At the 2019 Front End of Innovation (FEI) Conference in Boston earlier this month, International Space Station (ISS) U.S. National Laboratory Associate Program Scientist Dr. Kenneth Savin spoke about how the ISS National Lab provides an excellent opportunity for companies to find new partners and approach challenges in new ways. The FEI Conference, which is part of the Boston Innovation Festival, brings together research and development executives from around the world to discuss innovation in technology and to encourage the development of new and diverse partnerships.
Over its 17-year history, the FEI Conference has developed into a program focused on technological innovation and product design. The main theme for the conference this year was to innovate big—don’t just work on small steps, look for opportunities to achieve bigger-scale and more impactful innovations. As one of the conference organizers said, “No one goes to a party for the mild salsa!”
At the conference, I spoke about the advantages of working with partners from different industries. This is particularly relevant for the ISS National Lab, where a diverse group of partners and organizations comes together to advance space-based research and development for the benefit of life on Earth. These diverse partnerships provide many opportunities to learn from each other, which can lead to valuable innovation.
Read more about how the ISS National Lab finds power in partnership in the links below:
There are many challenges to overcome in every industry, and for years, the mindset that “it hasn’t been invented here” has made it difficult to bring in new ideas. However, it is important for industry leaders to change the way they think and to instead view challenges as something that may have already been approached by someone else in a different industry. This “already invented by someone else” approach to problem solving can lead to breakthrough innovations in one’s own industry at little cost in time and money.
A highlight of the conference was the keynote fireside chat between Apple co-founder Steve Wozniak and John Valentine, founder and host at The Early Stage Podcast. Wozniak talked about meeting Steve Jobs, making friends, being a nerd, playing pranks, and starting Apple. He stressed that one’s priority should be doing the things you love and that are important to you. He also talked about how the way in which technology is developing inspires him, especially in robotics, and how we should not be frightened by it. He said, “It is the way that one breakthrough leads to the next and sparks new thinking and new directions that excites me.”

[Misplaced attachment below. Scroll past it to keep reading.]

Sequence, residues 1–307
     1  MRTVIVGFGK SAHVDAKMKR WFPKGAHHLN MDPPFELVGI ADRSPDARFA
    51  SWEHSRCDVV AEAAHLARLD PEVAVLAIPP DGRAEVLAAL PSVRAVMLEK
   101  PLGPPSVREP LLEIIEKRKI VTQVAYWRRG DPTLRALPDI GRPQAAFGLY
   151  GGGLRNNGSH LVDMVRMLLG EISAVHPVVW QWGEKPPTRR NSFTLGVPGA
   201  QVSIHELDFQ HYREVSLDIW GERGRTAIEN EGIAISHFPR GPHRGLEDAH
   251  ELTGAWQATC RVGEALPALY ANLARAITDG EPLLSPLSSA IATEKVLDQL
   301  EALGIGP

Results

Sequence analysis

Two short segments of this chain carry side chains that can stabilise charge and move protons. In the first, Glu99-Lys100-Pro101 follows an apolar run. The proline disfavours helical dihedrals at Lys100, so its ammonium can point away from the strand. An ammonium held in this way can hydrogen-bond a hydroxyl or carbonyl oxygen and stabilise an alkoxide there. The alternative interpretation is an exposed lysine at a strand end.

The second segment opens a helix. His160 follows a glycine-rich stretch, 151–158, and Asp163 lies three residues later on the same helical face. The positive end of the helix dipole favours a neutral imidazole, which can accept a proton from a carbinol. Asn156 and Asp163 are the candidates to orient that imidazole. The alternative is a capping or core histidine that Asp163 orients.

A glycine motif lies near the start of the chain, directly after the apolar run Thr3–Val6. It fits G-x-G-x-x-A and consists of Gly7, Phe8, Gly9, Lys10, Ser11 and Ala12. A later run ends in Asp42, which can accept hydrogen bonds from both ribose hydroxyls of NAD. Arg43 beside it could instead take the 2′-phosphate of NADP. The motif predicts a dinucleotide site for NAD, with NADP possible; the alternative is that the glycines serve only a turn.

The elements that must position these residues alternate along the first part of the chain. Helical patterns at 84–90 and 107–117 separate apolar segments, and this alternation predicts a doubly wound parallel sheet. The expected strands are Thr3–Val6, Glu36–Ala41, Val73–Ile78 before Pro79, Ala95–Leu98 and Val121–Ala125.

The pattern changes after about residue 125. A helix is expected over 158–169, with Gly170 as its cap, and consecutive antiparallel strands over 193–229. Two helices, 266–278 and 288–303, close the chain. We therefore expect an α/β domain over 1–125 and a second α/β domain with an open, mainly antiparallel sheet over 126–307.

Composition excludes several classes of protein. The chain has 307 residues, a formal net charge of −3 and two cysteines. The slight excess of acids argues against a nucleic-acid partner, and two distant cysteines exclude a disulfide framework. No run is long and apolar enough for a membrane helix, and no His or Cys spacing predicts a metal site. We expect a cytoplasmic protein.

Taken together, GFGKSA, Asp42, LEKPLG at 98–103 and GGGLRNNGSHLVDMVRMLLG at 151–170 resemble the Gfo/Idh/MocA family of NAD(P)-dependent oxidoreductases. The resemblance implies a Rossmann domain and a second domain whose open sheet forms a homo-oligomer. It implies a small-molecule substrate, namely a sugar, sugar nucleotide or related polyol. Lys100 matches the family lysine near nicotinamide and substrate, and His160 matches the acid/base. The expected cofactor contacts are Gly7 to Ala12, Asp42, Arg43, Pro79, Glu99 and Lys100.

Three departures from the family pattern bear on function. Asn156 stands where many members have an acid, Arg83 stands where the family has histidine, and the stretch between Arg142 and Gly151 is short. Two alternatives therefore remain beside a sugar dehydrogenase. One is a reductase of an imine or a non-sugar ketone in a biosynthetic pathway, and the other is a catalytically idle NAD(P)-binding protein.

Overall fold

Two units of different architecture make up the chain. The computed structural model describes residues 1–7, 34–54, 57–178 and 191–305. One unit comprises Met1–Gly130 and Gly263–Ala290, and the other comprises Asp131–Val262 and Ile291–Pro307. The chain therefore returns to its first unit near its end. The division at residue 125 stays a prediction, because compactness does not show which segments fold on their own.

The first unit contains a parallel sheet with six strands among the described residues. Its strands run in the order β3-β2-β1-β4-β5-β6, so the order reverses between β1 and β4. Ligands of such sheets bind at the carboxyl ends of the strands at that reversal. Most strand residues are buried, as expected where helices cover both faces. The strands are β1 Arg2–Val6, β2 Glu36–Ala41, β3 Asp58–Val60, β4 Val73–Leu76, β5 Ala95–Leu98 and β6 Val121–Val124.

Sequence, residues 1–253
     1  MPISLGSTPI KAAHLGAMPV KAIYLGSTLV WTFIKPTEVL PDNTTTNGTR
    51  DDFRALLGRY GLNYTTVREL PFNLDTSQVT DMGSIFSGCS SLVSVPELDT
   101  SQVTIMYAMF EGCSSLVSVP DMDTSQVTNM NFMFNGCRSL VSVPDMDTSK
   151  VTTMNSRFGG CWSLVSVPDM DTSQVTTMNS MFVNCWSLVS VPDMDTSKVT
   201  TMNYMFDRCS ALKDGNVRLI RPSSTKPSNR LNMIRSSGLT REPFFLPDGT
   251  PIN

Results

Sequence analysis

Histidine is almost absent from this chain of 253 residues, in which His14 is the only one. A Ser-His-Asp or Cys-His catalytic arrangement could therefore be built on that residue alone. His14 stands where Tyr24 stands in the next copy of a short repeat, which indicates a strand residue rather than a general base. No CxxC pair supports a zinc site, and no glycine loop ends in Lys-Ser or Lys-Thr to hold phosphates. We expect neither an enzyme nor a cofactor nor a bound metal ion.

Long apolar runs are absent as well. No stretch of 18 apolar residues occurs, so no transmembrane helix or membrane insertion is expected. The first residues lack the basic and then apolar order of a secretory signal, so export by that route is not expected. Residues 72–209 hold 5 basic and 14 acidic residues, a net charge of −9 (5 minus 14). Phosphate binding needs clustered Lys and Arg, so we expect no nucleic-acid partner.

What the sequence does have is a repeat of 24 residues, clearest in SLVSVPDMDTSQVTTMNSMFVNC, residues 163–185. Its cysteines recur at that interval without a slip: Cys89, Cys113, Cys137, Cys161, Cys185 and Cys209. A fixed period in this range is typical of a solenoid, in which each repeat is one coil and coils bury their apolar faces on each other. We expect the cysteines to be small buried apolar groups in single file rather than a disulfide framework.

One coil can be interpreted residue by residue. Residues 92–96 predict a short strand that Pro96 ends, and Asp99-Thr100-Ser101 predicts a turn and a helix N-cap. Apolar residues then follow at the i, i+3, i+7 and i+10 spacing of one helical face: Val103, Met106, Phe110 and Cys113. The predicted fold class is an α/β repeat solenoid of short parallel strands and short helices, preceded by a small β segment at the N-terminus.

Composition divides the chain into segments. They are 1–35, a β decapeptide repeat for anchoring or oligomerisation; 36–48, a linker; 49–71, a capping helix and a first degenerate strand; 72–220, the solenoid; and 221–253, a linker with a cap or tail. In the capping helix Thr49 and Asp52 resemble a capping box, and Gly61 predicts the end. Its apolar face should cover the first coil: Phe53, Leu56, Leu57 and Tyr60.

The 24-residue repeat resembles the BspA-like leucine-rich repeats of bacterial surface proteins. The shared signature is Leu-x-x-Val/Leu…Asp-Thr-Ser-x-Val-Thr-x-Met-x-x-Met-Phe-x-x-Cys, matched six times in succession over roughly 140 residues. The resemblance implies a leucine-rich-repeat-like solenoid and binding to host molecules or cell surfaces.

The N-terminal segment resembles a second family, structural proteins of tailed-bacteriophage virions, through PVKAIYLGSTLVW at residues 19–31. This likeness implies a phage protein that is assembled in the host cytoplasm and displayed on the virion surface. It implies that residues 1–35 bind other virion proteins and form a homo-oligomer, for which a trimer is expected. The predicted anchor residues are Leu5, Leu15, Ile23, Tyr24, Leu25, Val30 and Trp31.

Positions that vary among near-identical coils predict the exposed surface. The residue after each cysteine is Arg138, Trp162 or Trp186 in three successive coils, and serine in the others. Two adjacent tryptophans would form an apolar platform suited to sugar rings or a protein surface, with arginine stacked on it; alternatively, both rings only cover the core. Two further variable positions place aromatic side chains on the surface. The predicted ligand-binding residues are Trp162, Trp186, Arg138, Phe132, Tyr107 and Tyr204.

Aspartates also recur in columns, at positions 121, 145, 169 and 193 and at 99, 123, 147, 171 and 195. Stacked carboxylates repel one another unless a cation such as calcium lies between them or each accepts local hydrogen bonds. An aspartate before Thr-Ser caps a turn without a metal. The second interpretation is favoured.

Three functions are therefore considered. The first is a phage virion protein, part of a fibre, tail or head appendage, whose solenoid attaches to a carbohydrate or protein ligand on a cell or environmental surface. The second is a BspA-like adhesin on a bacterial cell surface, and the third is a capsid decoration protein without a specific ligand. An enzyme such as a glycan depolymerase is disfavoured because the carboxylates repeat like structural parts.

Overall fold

Read about ISS National Lab programs that leverage partnerships with private industry and other government agencies to solve big problems or address global challenges:
Several other speakers at the conference also discussed the importance of doing things that are meaningful to you. Joi Ito, director of the MIT Media Lab, talked about the speed of technological innovation and recalled that years ago, when the internet was just beginning, he and his friends in Japan wanted to get involved. They needed a server to provide internet access, so he scavenged for parts and built his own. The server was the size of a room (it filled the bathroom in his apartment) and failed often, but it pushed him to get into the action and be a part of the revolution that was happening.
Mike Hatrick, group director of IP Strategy & Portfolio at Volvo Group Trucks Technology, spoke about the future of autonomous trucks for hauling goods. During his talk, Hatrick discussed culture change, innovation in big companies, and how organizational dynamics are both influenced by and influence innovation.
One of the last talks was a given by Henry Chesbrough, faculty director of the Garwood Center for Corporate Innovation at the University of California, Berkeley, who coined the term “open innovation.” Chesbrough discussed the trends in innovation and how technology is enabling innovation to be not only faster but to reach into areas of the world that have otherwise not been touched by such advances, pointing out that there are countries where people have better access to cell phones than to modern toilets.
Chesbrough ended his talk with a guest speaker, 13-year-old Vitale Diamandis, who scavenges for parts and creates innovative gadgets. Diamandis has used scavenged parts to build an electric skateboard and a gas-powered bicycle, and his latest effort is to make an electric car out of parts he finds on the internet and from junk yards. Using Diamandis as an example, Chesbrough made the point that the way innovation is done, the speed at which it is happening, and the people who are doing it are changing, and with all of the new opportunities come challenges that must be part of any innovation plan.
Although the FEI Conference focuses on technological innovation, it also pushes you to consider the human over technology. You are more likely to develop an attractive product or service if you design it to solve a real problem, perhaps even one that you yourself are dealing with. Inspiration comes from real life and a desire to do more and be better—and partnering with and learning from others outside of one’s industry can spur innovation that may not have been possible otherwise. As Steve Wozniak said, “Doing things that you like to do and are important to you is where the real breakthroughs will come—revolution intended or not.”